Leaving for Tairua, with the worry of busyness once again taking over, I made sure I left home early enough to be able to stop and relax. So I did stop at the rest stop to have a look across the water to the islands. I did take the time to walk the short path to the end of the bluff to get a better view. And after my talk, which threatened to not happen – I didn’t realize I need to take the data projector from the Thames Library across to Tairua – but the local printers came to the rescue and unearth their machine –  I found a picnic spot beside the estuary and watched the waves, the seagulls, greeted the few people as they passed by, and watched the speed boat head out across the Bar only to turn back. Such a sensible decision to turn back when the going is too rough. I will take that picture with me into the coming weeks. That it is okay to change my mind sometimes. To turn around in the face of too big a challenge.

How important it is to me to take the time to still myself and to reflect upon experiences. It is in the reflection that I integrate the various events in the experiences and thread them together with Meaning. It is in the reflection that meaning becomes possible.

So thank you Tairua Library staff for inviting me to meet and talk with you and some others. And I am thankful I was able to take time afterwards to walk upon the shore, smell the salt air so much more vigorous with the waves pounding upon the sand and wave to the boatie as he returned to the safety of the Tairua harbour.

It is in the reflection that meaning is made of experiences. I am looking forward to this coming winter where I begin to shape my notes into manuscript number two.

Buen Camino for our daily pilgrimage through our ordinary lives, which are afterall, pretty extra-ordinary.

 

 

Storm Battered But Still Afloat. A metaphor for human life.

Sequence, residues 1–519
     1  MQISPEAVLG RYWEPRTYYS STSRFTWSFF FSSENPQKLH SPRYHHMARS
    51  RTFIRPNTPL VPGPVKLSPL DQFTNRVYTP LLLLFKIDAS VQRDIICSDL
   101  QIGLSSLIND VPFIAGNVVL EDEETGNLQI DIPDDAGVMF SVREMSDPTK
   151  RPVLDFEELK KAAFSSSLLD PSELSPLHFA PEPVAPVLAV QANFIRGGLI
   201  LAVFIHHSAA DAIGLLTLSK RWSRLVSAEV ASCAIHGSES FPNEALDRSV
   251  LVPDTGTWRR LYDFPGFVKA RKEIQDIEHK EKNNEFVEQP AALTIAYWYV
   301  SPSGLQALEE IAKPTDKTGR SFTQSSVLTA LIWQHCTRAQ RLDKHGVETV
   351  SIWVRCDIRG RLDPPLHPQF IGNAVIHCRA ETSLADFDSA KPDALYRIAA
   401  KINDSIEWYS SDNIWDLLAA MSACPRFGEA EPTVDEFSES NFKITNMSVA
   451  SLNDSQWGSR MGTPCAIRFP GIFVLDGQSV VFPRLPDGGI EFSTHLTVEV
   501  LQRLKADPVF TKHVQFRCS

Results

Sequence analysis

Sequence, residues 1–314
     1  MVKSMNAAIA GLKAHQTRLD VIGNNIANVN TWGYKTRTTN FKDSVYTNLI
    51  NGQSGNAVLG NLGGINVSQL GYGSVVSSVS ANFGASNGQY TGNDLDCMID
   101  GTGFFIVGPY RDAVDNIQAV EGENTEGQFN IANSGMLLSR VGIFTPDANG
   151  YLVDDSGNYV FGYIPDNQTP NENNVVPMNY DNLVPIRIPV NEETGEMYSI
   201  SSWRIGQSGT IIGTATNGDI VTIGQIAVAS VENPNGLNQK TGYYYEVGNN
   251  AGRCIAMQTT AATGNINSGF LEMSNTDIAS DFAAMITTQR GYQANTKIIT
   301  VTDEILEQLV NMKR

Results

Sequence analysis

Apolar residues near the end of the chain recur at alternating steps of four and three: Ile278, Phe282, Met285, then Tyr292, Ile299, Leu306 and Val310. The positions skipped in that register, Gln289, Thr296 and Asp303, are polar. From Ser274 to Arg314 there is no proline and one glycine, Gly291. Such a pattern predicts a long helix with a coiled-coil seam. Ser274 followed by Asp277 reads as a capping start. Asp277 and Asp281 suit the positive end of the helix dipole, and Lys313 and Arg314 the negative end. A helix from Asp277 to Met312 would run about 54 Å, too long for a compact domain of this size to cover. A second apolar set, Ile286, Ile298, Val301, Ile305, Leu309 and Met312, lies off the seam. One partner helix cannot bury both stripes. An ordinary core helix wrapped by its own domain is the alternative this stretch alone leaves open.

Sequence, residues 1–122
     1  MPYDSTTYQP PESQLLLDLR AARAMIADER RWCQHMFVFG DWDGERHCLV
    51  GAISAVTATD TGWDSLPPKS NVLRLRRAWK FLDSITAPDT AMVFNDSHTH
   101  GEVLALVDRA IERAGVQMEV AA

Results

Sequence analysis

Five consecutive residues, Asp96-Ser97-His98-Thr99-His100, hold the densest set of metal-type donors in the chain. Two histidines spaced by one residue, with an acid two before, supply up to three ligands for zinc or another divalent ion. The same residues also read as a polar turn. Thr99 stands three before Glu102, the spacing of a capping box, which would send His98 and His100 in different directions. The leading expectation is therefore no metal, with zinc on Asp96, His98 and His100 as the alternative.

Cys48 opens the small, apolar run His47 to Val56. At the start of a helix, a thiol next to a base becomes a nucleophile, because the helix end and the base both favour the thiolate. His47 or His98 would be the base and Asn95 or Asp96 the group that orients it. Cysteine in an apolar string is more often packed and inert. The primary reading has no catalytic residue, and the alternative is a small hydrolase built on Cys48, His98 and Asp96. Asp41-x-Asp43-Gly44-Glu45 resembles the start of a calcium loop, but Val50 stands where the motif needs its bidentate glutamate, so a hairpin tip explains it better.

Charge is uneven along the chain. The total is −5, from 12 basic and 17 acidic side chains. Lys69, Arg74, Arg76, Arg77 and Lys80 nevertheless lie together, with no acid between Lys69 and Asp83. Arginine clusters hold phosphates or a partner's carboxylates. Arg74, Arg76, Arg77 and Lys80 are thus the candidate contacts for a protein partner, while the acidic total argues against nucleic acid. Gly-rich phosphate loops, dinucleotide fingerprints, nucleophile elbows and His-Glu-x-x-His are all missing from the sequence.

I’m not one for new year resolutions, but I do begin each year with hope for a year where I live my life well. I hope for a life that will benefit others and be creatively fulfilling for myself. I continue to want to live the principles of pilgrimage on a daily basis and hope to remember to live my life prayerfully, simply, thankfully and with gratitude. To do so, I need to live my life slowly. To remember to avoid buying on impulse as most things I will be able to do without.

I am aware that there will be some rough times through the year. That is how life is. We had a storm last week and many people’s homes were inundated with sea water. The Thames / Coromandel coast road was heavily battered and undermined. Once again, communities were cut off as road crews worked to move debris so people could be on the move. We had just returned our dingy to its dingy shed some 24 hours before the storm hit. Bruce checked the shed and dingy early in the morning, before high tide, and said there was a little damage, but all was fixable. Little did we know, the tide would come surging in, an extremely high tide with waves driven against the shore by the storm strength winds. A man later told us he saw the tree trunk that a wave picked up and hit our shed.

We visited the scene at low tide to discover that the shed is no more. The pieces are scattered across the rocks waiting for us to collect them before the next super high tide can sweep them away to become a hazard to boats. Our dingy was lying on the rocks with one side destroyed.

battered by the storm

This is a dingy that we have had for many a years. An old wooden dingy that is a good size for our use and one Bruce has reinforced so it can be dragged over the rocky shore. We were not sure it was salvageable. At the next high tide, when we went back to retrieve the dingy, to our amazement, it was floating. Storm battered, but still afloat. Because Bruce had reinforced the bottom of the little boat, it was able to float on the now still, calm water. Yes, we are going to restore this little boat. How could we not? The one post and top of another, are all that remain of the dingy shed which housed this sturdy little boat.

battered but still afloat

Humilty

Such an old fashioned word, but one I have been thinking about recently. Two events have brought this word to my attention. To start with the second one first.

Today, I spent some time with one of my granddaughters walking around the art shops here in our small fishing village of Coromandel. When my granddaughter talked with the artists we met, she impressed them with her questions indicating a flair for art. Some of them have gave her a small gift of their art as an appreciation for her talent and interest. Occasionally, the artist looked to me for an answer, and I just suggested they ask the young girl – for she had the insight, not I. It was humbling for me to be with my granddaughter and to witness her obvious passion and talent for artistic beauty. I just do not have it to that degree.